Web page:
The first half of August is in the books, and we’re seeing some typical conditions for this time of year in Yellowstone Country. It’s been warm and smoky. The sun is setting earlier and earlier.  Aspens and willows are showing the first hints of yellow.  Crowds are beginning to wane a bit as kids go back to school. Oh, and lots of trout are eating terrestrials.

Fire season is in full swing across Yellowstone Country. Several new blazes started in the area, and previous fires have grown substantially this week. Fires from across the region have contributed to a persistent haze in sky, which has produced some remarkable sunsets.

The Bacon Rind Fire located approx 23 miles north of West Yellowstone has grown to 1388 acres, and has impacted both travel on hwy 191 and fishing access on the park stretch of the Gallatin River. The fire remains on the west side of highway 191 and the river. However, fishing access to the river is closed from Fawn Pass trailhead to milepost 27. Furthermore, travelers driving on Highway 191 can expect delays while passing through that same section. Please note that all other Gallatin River access is open.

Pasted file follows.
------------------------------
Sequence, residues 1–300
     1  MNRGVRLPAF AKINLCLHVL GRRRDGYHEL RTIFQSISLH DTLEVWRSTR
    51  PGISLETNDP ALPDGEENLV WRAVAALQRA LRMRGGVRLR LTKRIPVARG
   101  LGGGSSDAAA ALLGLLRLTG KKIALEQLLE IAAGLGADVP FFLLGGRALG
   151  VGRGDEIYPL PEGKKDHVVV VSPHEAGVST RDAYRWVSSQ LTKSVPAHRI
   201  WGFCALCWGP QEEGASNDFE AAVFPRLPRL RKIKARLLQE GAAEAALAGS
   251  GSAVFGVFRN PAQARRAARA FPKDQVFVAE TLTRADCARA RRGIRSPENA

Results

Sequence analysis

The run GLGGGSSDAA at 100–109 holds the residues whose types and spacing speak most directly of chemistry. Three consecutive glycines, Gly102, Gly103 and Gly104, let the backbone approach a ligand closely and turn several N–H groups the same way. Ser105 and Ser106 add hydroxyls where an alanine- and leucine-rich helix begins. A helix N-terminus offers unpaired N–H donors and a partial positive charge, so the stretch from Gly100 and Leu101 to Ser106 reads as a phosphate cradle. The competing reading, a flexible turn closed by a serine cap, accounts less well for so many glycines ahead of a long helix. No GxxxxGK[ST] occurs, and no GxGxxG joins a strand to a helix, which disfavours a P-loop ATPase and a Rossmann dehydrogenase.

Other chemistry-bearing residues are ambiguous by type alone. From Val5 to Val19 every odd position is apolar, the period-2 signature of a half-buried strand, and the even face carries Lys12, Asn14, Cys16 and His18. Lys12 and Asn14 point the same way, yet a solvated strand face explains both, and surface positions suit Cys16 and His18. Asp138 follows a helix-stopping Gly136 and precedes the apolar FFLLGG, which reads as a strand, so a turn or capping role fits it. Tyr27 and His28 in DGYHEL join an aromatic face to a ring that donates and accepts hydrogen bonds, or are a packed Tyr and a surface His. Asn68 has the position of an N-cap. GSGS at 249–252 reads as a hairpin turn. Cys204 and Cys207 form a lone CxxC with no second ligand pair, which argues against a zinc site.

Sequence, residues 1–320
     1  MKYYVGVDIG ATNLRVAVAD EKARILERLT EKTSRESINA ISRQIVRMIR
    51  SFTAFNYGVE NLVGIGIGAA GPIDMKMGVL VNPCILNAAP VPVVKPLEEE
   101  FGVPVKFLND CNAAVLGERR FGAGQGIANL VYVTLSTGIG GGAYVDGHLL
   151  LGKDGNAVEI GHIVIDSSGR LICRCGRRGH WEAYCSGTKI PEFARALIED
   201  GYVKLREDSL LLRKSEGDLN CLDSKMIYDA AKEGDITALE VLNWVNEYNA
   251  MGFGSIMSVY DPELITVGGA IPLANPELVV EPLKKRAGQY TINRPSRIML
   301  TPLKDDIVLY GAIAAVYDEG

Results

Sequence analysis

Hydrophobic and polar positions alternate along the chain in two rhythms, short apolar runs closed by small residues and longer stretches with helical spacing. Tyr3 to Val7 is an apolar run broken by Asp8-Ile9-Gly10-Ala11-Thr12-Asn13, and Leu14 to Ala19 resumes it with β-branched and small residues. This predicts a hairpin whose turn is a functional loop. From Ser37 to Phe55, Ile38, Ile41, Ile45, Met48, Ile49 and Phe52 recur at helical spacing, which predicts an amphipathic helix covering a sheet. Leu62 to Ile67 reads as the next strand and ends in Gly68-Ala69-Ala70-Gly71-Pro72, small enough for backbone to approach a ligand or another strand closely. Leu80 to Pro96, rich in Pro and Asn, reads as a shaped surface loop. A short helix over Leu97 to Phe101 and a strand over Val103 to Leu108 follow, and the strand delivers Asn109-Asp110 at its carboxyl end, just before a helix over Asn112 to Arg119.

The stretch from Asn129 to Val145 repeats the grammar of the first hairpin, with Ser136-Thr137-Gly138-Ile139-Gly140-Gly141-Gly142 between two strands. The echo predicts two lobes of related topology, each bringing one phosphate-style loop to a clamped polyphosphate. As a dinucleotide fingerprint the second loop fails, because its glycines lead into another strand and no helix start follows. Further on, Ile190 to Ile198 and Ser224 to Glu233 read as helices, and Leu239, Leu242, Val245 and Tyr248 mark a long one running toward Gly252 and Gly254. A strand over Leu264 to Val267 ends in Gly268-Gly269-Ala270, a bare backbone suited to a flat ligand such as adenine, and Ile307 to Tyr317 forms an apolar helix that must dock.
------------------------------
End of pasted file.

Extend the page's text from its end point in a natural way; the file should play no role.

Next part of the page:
There are three new fires in the Madison Valley this week, the Monument Fire, The Wigwam Fire, and the Virginia Creek Fire. These fires were each caused by lightning strikes, and are burning in the Beaverhead Deerlodge National Forest west of the Madison River.

Weather forecasts are showing a good chance for moisture in the form of thunderstorms and showers through the weekend with seasonal conditions next week.